The competing groups within the Church realized that the racial balance in the hierarchy would be decided by the creation of new dioceses in the West. French-speaking prelates traditionally had been in a majority in the hierarchy and in 1900, all the bishops in the West were French and suffagans of the Ecclesiastical Province of St. Boniface and its vigilant metropolitan, Archbishop Adélard Langevin, O.M.I. Despite legislation that had been very favorable to their interests, French Canadians had not come to the West in great numbers and, as the Territorial period drew to a close, they were a small minority in the prairie region. It was this ever increasing minority status and the consciousness of their past and traditions that made the French-speaking clergy so defensive and so suspicious and resentful of the influence of their co-religionists, the Irish. In 1911, for example, the French accounted for 72 percent of the Catholic population and the English for fourteen. The Irish, however, held five of the nine metropolitan sees and 15 of the 32 dioceses in the Dominion. (3)

    The competition for domination within the Church was bitter and often reached scandalous proportions because it was a struggle to ensure the domination of one cultural tradition as opposed to another. The rapidly expanding Canadian West was to be the main battleground. One of the earliest skirmishes occurred in December, 1906, when a delegation of English-speaking Catholics from St. Mary's Parish in Winnipeg met with Archbishop Langevin and requested the appointment of English clergy for their parish, the creation of additional English parishes in the city and the establishment of an English language college under the direction of professors of that nationality. Furthermore, the delegates asked that Winnipeg be given an English bishop. (4) Langevin was advised that Englishspeaking clergy were available in eastern Canada but that they would remain there because of the presence of the French bishops in the West. The nomination of an English-speaking prelate, on the other hand, would entice Irish priests to come West and serve the needs of English-speaking Catholics as well as those of a rapidly expanding population that was adopting English as their language of communication. The English Catholic community also made its views known to Mgr. D. Sbarretti, the Apostolic Delegate, who was allegedly very sympathetic to their views. As a result of Sbarretti's intercession, the Irish in Winnipeg obtained the erection of two new parishes by 1908 and their confidence undoubtedly increased. (5)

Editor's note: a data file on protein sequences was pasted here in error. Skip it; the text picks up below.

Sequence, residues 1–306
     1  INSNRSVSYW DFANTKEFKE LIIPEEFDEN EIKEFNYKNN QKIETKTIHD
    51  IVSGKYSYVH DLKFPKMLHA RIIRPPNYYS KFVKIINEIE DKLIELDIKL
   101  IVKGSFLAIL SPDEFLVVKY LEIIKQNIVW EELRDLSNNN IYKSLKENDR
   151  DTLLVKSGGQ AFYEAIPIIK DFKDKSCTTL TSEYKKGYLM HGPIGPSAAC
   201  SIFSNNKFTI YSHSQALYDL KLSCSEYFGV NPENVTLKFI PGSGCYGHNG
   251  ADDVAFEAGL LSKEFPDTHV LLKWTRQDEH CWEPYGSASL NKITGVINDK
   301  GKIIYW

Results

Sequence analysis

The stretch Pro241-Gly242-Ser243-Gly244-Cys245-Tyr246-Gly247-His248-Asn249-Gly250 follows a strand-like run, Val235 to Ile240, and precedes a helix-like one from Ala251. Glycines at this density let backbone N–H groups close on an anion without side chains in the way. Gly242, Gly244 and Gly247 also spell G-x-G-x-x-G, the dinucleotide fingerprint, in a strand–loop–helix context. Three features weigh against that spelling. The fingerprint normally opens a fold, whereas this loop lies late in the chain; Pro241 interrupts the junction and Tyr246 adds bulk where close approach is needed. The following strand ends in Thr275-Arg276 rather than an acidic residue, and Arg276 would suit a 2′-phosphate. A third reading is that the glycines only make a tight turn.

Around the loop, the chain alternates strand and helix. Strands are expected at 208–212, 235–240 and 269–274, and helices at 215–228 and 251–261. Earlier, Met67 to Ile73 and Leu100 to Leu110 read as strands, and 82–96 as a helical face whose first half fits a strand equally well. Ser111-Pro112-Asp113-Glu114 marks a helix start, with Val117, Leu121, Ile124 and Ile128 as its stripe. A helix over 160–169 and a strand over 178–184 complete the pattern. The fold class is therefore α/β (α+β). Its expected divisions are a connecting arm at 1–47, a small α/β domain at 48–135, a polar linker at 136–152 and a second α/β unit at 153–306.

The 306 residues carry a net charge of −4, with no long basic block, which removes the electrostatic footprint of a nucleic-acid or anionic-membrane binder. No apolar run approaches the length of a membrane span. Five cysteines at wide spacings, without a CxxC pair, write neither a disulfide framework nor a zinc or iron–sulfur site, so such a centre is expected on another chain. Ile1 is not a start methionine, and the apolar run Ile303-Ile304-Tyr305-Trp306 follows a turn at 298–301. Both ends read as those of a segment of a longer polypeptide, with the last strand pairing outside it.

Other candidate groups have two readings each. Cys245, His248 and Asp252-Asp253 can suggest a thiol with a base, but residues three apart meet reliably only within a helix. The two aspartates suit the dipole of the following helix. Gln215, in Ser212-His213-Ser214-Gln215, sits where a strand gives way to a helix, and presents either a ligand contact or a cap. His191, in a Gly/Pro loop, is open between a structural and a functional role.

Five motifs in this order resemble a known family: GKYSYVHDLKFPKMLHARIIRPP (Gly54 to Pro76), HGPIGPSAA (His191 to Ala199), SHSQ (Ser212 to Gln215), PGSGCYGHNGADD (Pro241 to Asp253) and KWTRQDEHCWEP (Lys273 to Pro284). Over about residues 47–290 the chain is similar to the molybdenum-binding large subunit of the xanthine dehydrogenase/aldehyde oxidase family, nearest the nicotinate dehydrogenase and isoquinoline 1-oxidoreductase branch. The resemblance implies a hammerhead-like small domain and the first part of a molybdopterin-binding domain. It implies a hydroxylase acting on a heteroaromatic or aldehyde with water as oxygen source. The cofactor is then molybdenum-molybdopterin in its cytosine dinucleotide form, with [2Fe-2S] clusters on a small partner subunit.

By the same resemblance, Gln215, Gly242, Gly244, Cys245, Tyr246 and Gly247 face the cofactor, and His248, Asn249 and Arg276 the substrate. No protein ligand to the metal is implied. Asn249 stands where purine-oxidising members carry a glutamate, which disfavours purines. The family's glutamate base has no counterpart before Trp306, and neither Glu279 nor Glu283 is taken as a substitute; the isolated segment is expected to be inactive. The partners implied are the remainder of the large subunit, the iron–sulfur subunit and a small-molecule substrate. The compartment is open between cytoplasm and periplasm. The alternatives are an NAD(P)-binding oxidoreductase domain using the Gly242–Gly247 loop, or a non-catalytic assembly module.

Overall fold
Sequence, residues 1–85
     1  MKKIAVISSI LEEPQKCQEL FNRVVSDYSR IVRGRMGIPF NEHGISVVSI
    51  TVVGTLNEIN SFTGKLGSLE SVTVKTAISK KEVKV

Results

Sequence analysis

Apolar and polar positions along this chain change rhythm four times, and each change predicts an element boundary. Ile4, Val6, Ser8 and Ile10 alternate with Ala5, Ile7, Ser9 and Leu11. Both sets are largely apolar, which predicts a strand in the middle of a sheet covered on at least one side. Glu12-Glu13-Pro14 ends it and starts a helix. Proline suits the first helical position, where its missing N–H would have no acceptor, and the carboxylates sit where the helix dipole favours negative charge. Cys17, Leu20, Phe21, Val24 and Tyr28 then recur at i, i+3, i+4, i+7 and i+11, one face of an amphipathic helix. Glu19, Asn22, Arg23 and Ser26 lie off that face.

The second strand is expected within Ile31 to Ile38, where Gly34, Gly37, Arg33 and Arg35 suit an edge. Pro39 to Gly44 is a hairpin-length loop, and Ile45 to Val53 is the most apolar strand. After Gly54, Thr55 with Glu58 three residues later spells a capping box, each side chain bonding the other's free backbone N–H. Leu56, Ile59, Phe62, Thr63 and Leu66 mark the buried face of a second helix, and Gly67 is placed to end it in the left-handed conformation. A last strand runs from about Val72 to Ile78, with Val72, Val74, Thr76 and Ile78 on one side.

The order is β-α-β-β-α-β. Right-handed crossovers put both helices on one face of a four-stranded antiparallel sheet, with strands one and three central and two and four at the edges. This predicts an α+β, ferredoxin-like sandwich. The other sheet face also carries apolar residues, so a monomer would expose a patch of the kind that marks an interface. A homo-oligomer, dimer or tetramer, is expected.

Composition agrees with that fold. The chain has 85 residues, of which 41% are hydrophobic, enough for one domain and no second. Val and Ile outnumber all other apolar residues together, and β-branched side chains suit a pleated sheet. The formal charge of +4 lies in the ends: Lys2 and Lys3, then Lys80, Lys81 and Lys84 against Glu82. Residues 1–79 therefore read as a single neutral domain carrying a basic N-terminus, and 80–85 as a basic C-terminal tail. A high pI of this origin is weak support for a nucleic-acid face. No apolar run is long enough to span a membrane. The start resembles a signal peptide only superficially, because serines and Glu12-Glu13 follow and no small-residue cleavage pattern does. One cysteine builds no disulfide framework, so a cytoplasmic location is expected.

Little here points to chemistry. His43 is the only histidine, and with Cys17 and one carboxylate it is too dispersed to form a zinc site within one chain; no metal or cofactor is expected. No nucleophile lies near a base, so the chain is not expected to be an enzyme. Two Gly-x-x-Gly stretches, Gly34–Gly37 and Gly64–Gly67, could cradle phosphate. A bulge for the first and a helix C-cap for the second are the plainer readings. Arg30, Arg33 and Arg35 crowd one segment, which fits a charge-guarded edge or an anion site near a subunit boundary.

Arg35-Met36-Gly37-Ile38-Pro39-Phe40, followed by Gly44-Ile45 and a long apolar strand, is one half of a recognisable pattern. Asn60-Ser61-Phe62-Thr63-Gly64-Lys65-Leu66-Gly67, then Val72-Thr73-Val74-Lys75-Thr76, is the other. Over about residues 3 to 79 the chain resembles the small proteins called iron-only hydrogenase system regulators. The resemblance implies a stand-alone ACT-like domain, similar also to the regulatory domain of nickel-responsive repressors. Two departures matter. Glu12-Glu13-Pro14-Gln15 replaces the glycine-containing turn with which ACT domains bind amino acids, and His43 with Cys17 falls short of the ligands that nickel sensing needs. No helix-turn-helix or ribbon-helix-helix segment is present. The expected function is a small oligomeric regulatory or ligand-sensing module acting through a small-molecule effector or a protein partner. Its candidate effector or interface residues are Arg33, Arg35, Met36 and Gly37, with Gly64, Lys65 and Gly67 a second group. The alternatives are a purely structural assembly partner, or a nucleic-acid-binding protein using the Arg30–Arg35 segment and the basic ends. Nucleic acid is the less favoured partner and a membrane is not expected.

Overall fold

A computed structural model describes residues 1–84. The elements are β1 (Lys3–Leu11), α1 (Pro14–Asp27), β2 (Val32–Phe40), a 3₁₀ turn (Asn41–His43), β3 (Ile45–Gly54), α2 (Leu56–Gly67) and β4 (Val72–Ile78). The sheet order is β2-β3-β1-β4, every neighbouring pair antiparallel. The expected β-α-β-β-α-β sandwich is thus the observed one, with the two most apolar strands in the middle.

More significant changes, however, were being contemplated in the Ecclesiastical Province of St. Boniface and, in 1910, Rome announced that Regina would be erected as a diocese. As metropolitan, Langevin was determined that Regina's first bishop would be a French Canadian but German and Irish Catholics also proposed candidates. The Irish soon withdrew from the contest and pledged their support to the German aspirant, Father F. Woodcutter, from Moose Jaw. Rumors soon began to circulate claiming that the appointment of a French-speaking prelate was not compatible with conditions in the new diocese.

    The Archbishop prepared a memorandum for the Vatican and asked Saskatchewan's French Canadian Attorney-General, W.F.A. Turgeon, to state his opinions concerning objections that could be raised against the nomination of a bishop who was French Canadian but, nevertheless, fluent in English. Langevin claimed that Woodcutter's appointment would be a calamity for the diocese and that it would bring an end to French Canadian immigration to the area. (6) Turgeon replied that he had heard of objections but he dispelled them as erroneous and unjust and claimed that Catholic and French interests were "intimately linked" in the new diocese. (7) He added that his French Canadian origin had not been an impediment to success in public life and that the same was true for the province's Lieutenant-Governor, Amédée Forget.

    In the meantime, confidential information concerning Langevin's actions was made public in the press. Montréal's La Presse, for example, related the opposition to the, appointment of a French-speaking bishop. It also mentioned that a memorandum had been sent to Rome and that it had been signed by Langevin, Turgeon and Forget. (8) As a result of this "indiscretion," the Vatican suspended the nomination pending further information and ordered that an ecclesiastical census be taken. Father H. Lacoste, O.M.I., Vicar-General of the Diocese of Prince Albert, informed Turgeon of Rome's actions and added that Langevin "was moving heaven and earth" to put forward his candidate. (9) For its part, the Montreal Tribune, a pro-Irish journal, doubted the authenticity of the original census and asserted that English-speaking Catholics comprised the majority in the area. (10) The new enumeration, completed on April 19, 1911, revealed that the largest national element within the Catholic population was the French (15,964), followed by the Ruthenians (13,000), the Germans (12,470) and the English (4,211). (11)